My fiancee has been wonderful with dealing with me and I am very grateful for that. She pretty much took over our wedding planning for the last month. She would make me get in the car and ride around with her yet I wasn't much help as I sat in the passenger side and contemplated my impending death. It's hard to plan a wedding when you are 100% sure you will be dead within 5 years because of ALS.


Now that I have found this site and been checked out by my doctor I am doing a little better. I still wake up in the morning and gasp for air because I am so anxious about it though. My fear seems to diminish if I get myself out of bed and push on with the day. Yet, I still am constantly thinking about my physical symptoms.. trying to measure if my muscles are weak.. that kind of stuff which I am sure you know what I am talking about.

I have thought about seeing a therapist or psychologist because this is not the first time a physical symptom has put me over the edge. I have always been a hypochondriac. It's very unlucky for someone like me to develop a disease that doctors cannot explain and might be the first signs of something really horrible

I would like to try and stay off as many drugs as I can though and I'm assuming that is what a psychologist would give to me if I went and saw him.

Thanks for the reply.
thescream
New Member
New Member
 
Posts: 4
Joined: September 28th, 2002, 5:15 pm
Location: Spokane, WA

Postby Twitchy Georgy on September 30th, 2002, 2:01 pm

thescream, in reading your posts, I could swear that I'm reading my own life! I too am a:

1. hypochondriac in my twenties
2. engaged to be married
3. suffering the exact same symptoms
4. trying to plan a wedding and while believing that I will be dead in about five years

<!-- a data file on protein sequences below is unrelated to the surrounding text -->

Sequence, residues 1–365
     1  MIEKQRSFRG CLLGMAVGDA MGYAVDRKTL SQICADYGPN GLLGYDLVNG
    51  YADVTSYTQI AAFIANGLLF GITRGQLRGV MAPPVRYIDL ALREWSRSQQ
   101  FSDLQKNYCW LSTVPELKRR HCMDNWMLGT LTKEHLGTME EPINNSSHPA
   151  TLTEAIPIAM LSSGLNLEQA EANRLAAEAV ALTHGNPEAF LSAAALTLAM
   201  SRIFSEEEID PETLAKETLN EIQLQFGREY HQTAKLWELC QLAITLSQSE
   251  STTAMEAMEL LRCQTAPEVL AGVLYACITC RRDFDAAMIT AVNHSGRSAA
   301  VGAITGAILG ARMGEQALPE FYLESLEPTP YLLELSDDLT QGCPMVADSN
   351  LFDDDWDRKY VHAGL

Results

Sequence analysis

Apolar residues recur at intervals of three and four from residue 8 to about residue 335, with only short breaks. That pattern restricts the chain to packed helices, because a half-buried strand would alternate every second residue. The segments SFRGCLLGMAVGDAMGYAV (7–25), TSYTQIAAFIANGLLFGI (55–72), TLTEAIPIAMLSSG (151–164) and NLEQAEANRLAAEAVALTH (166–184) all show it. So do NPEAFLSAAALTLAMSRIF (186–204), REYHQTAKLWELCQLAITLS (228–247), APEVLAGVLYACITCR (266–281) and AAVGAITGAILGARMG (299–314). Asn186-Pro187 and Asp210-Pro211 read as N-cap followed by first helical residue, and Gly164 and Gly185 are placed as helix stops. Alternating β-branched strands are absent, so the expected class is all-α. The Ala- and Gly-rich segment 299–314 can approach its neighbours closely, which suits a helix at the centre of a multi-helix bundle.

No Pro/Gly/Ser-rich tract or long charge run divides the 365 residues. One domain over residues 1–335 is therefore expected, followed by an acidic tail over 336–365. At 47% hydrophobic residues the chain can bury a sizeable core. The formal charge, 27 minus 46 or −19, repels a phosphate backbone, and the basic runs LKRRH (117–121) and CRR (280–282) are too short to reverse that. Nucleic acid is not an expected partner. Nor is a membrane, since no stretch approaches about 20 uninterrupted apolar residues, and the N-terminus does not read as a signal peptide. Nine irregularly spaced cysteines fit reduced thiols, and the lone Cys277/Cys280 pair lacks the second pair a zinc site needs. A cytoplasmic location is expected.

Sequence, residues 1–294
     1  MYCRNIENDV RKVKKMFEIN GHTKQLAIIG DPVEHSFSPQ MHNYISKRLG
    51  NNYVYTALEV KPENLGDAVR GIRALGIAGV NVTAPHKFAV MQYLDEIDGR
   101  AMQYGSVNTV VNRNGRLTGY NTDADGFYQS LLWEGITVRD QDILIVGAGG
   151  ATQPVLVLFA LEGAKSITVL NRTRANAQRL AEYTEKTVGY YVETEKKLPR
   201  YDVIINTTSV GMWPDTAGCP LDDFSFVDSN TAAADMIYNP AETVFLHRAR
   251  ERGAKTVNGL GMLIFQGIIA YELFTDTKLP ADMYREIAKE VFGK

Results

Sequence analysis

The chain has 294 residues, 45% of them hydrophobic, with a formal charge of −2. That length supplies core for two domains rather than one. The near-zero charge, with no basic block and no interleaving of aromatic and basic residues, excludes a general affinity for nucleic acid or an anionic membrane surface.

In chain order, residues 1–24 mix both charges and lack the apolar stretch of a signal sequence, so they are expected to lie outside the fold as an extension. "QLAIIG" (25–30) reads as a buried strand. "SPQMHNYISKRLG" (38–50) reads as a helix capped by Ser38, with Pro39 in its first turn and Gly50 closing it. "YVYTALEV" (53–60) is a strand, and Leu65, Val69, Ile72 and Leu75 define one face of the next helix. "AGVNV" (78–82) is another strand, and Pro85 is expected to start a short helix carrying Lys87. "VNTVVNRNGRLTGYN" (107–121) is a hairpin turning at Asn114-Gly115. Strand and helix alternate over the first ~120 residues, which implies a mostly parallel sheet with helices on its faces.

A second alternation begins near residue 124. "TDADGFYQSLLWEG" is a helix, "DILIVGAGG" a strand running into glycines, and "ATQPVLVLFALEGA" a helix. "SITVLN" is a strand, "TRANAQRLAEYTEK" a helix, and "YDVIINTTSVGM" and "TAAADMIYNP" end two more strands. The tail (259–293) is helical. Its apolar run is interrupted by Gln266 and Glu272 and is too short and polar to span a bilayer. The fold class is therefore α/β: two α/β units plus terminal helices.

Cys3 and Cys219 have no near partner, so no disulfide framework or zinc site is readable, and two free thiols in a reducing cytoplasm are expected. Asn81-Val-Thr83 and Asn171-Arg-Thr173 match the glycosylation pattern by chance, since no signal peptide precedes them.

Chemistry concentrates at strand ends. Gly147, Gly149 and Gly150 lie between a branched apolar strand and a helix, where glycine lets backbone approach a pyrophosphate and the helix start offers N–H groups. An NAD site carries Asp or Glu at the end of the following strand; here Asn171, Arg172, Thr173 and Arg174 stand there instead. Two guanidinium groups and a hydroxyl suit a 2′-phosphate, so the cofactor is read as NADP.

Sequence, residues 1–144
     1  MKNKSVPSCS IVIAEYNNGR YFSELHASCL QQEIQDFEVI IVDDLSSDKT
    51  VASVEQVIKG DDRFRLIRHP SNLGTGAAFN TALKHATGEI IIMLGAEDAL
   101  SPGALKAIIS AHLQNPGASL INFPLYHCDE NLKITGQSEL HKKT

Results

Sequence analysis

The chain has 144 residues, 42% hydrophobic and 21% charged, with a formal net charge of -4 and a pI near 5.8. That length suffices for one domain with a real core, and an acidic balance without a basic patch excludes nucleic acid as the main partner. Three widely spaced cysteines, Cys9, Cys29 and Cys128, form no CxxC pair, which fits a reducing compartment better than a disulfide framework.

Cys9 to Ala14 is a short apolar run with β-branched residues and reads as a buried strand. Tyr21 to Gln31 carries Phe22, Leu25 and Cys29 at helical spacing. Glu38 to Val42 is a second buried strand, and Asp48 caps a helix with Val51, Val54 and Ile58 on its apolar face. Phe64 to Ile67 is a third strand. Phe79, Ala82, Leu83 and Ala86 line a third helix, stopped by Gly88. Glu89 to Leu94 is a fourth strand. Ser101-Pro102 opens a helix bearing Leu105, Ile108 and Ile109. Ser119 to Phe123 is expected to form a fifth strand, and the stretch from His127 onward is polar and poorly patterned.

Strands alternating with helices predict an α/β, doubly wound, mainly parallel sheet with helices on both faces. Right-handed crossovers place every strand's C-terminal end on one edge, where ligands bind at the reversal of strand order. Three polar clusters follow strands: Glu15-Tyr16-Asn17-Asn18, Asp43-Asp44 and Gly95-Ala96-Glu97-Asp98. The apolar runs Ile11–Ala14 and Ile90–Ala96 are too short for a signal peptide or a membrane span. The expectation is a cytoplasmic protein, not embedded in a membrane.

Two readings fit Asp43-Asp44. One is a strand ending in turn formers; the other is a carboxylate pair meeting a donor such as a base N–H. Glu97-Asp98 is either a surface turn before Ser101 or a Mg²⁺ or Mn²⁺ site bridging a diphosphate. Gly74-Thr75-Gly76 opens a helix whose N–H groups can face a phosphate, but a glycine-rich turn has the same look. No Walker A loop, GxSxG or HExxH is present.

Fortunately, I think you have more to be relieved about since you have a clean EMG (i'm getting one done in about 3 weeks, so I have to endure until then)...A clean EMG will always indicate no ALS... Period. Arron, can back me up on this (he knows A LOT about this subject)..

My suggestion is just to consult a psychiatrist/psychologist depending on how eager you are to be put on meds....I'm currently doing it the hard way (seeing a psychologist with no meds) since I had a very freaky experience when I was put on Celexa a few months ago. Also, I sometimes find that occupying your mind with the marriage planning seems to calm me somewhat... Granted it should be causing some stress, but compared to thinking about ALS and having the fate of Lou Gherig, it's definitely a stress-reducer...
Twitchy Georgy
Interested
Interested
 
Posts: 17
Joined: September 19th, 2002, 3:24 pm

Postby Jen on October 4th, 2002, 6:56 pm

Thescream, don't assume that a psychologist will automatically put you on meds. I thought the same thing when I first consulted one years ago. One of my therapist's first questions to me were, "Do you want to do this with or without medication?". She gave me the pros and cons, and I was very happy to go without the meds. I made great progress because I didn't have any meds in me to mask my emotions. I am so glad that I took that first step, and my therapist was fantastic. She was a very good match for me. I had consulted a couple of therapists before settling with this one.
Good luck to you!!
Jen
Senior Member
Senior Member
 
Posts: 89
Joined: September 13th, 2002, 11:07 pm
Location: CA

Sponsor

Sponsor
 


Return to Questions About BFS

Who is online

Users browsing this forum: No registered users and 6 guests